It takes a certain kind of courage to get onstage and make people laugh. It also takes courage to lead a rock band playing your own autobiographical, if cryptic, songs. For Lainey Schooltree, it has been a long trip transitioning from one to the other. In January 2011, her ass-kicking musical-comedy duo the Steamy Bohemians were dormant, and Schooltree was desperate to create. She had been writing more serious-minded music since she was a kid, but was afraid to show it off. As a personal dare, she took the RPM Challenge, writing, producing, and recording an album in the space of one month. "I felt like, 'This needs to move forward,' " she says. " 'I've been trying to move this forward for years, and nothing has been happening.' "

The result was May 2011's My Metal Mother, a reflection of her eclectic tastes — art rock, '70s prog rock, Stephen Sondheim, Kate Bush. The last step was to put together a band to play the music, a prospect Schooltree had found intimidating. "I had wanted to do it for years and years," she says. "I think I just didn't have the courage, I was just sort of putting it off and instead doing more comedy stuff." She tapped guitarist Brendan Burns, with whom she had collaborated in the puppetry troupe Elephant Tango Ensemble and the variety show Bent Wit Cabaret. With Burns she formed Schooltree, the band, eventually rounding out the quartet with Derek Van Wormer (bass) and Chris Anderson (drums). They celebrate the release of their first album, Rise, this weekend.

Rise continues to develop Schooltree's varied tastes. "Today" conjures dystopia with a bouncy feel and plucking banjo (Schooltree told Burns to use the Muppets' "Rainbow Connection" as a reference). There's a dramatic sweep to the music and narrative of "Six Feet Up" that would be at home in a stage musical, albeit a fairly complex one. "After You're Gone," a Mother song in a new arrangement, owes a debt to '70s AOR.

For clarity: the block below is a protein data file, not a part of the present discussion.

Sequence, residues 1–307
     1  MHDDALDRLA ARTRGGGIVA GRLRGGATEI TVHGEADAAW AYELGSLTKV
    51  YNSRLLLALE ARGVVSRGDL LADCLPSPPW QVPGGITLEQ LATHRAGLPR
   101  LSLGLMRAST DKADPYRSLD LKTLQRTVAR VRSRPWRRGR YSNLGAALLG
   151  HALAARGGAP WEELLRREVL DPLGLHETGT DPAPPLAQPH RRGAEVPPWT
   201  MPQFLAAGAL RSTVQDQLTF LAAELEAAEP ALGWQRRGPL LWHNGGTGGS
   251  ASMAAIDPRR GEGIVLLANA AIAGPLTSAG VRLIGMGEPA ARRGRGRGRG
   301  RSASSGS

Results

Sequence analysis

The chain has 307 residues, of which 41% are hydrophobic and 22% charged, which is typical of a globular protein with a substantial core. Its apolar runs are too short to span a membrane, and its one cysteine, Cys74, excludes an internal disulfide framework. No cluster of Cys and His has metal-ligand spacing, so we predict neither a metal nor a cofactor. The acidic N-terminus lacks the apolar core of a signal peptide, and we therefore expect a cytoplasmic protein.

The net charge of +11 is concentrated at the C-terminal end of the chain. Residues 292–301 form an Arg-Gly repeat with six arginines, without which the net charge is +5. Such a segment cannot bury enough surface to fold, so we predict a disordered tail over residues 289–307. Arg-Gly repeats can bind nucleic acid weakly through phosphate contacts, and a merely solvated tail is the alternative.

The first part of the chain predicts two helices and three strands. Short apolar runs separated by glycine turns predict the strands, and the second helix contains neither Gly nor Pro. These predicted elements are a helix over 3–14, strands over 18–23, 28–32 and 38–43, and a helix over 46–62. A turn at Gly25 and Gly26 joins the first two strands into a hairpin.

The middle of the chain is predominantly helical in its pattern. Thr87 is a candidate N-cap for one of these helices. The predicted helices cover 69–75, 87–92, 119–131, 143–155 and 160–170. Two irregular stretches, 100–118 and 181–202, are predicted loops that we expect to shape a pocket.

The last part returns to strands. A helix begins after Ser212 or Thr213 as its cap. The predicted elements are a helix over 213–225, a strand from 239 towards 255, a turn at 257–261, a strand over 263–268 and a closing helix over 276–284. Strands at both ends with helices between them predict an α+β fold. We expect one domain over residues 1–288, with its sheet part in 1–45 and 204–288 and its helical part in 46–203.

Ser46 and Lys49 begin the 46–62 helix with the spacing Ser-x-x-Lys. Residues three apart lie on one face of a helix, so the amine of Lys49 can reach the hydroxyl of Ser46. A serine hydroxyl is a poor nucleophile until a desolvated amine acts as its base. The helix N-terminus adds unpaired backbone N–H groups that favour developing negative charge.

Schooltree struggles to describe the band's sound — she calls it "cabaret rock for nerds and weirdos" on their Facebook page. But it is heavily influenced by melodic prog rock, which can be a tough label to sell. "There's such a stigma against prog, which makes me very sad because I think it is some of the best music ever made," she says.

Schooltree, the band, will continue to cater to the offbeat, and will include some cabaret acts before the music starts at the Lizard Lounge. And Schooltree, the person, will continue to take risks. "I like big ambitious things," she says. "Part of what moves life forward for me is setting a goal you're not quite sure you'll be able to do because you've never done it before, and then breaking your neck."


SCHOOLTREE + COUNT ZERO :: Lizard Lounge, 1667 Mass Ave, Cambridge :: March 15 :: 8:30 pm :: 21+ :: $10 :: 617.547.0759 or 

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